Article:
You see I ask the question how did particular freedoms come about? For instance, how did freedom of speech come about in England? Or, how did slavery end, again, in England? Or the end of serfdom? Or freedom of religion?
The answer is that all these things came about slowly over a very long period of time. Warfare had little to do with it. I am not denying that warfare can be essential in defending an existing freedom but it seems to me that rarely does it extend them.
The Fall of Rome v1.0 went something like this:
1. They created for themselves a welfare state (think: bread and circuses)
2. They went bankrupt
3. Gazillions of barbarians brushed past the army which hadn’t been paid and sacked the place.
It would appear that in the West we have met Condition 1, are about to meet Condition 2 and have the barbarians (I use the term in its literal rather than pejorative sense) for Condition 3 in the form of gazillions of actual and would-be immigrants.
Can anything be done about it? Well, if the ideas of Mancur Olsen (I believe it’s pronounced Man-Sir) are to be believed, not much. Now you understand I haven’t actually gone to the effort of actually reading anything Olsen wrote but I am reasonably familiar with his ideas. Or, at least what I think are his ideas. If they are not his ideas then there’s a good chance they are my ideas which is even better. Anyway, his argument (or, at least what I think is his argument) is that over time societies introduce ever more layers of regulation creating ever more interest groups. These laws and interest groups form a tight web that not only stiffles progress but is highly resistant to change. The only way it can be changed is through the total collapse of the state as in the case of the Soviet Union or Rome.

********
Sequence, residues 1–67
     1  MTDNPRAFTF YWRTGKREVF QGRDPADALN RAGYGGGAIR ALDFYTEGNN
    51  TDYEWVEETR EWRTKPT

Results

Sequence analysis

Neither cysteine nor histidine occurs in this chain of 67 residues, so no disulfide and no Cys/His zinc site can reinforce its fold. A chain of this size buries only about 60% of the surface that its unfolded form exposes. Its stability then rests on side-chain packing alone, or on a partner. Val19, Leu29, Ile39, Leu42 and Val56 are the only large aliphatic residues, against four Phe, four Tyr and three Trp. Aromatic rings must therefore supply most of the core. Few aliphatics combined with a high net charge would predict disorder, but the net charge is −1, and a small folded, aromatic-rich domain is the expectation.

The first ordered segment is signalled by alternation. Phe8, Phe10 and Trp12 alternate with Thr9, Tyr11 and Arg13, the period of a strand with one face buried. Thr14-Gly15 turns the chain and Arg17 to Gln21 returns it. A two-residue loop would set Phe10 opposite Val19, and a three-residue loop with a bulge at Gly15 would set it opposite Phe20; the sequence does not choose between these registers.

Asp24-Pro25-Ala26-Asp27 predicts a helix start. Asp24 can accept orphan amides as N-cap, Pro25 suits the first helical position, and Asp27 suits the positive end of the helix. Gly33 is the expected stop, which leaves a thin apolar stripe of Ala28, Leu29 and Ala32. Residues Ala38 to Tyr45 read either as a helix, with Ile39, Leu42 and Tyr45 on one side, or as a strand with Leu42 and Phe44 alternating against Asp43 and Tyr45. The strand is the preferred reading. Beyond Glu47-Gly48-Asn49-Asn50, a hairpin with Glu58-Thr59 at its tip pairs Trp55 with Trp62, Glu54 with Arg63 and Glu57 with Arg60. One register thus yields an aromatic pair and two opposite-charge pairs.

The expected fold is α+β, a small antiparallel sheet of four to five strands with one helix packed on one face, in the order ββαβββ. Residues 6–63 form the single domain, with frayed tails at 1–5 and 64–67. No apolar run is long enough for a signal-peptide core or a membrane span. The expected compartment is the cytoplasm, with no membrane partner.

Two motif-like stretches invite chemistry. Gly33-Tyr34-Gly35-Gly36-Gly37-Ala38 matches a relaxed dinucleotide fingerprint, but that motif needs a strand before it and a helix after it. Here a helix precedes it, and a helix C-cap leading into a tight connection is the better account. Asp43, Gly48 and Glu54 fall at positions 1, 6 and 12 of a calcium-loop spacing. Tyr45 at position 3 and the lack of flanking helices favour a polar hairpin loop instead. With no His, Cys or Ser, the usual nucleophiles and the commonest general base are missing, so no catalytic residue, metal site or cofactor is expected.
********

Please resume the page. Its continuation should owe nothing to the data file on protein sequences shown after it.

It is not difficult to think of examples of the kind of thing he’s getting at. I sometimes imagine what it would be like to be a reforming Transport Minister. Let’s say I wanted to liberate the railways. I might, for instance, want to close down loss-making lines but I would be greeted with howls of protest - not to mention the considerable bureaucratic obstacles in the way. I might wish to end price control and would get much the same response. If I wanted, heaven forfend, to allow train operators to own the tracks on which their trains ran, first the UK would have to leave the EU - which would mean repudiating a treaty. Big stuff.
And so on and so forth. And that is just an area I know about. It’s bound to be repeated right the way across government.
So, a collapse of the West seems inevitable. But is it a bad thing? The Dark Ages do not get a great write up but that’s mainly because they didn’t get any sort of write up (great or otherwise) at the time. It is possible that it’s inhabitants were experiencing a land of milk and honey. Certainly, it is one of the complaints that my immigrant colleagues make that the West constantly claims how free it is but you just try building yourself a house…
The litmus test will come when the barbarians try to feed themselves. Given the complexity of modern agriculture with its technology, financial systems and distribution networks we can only hope they succeed.
Croziervision, bringing joy and light to the world since 2002.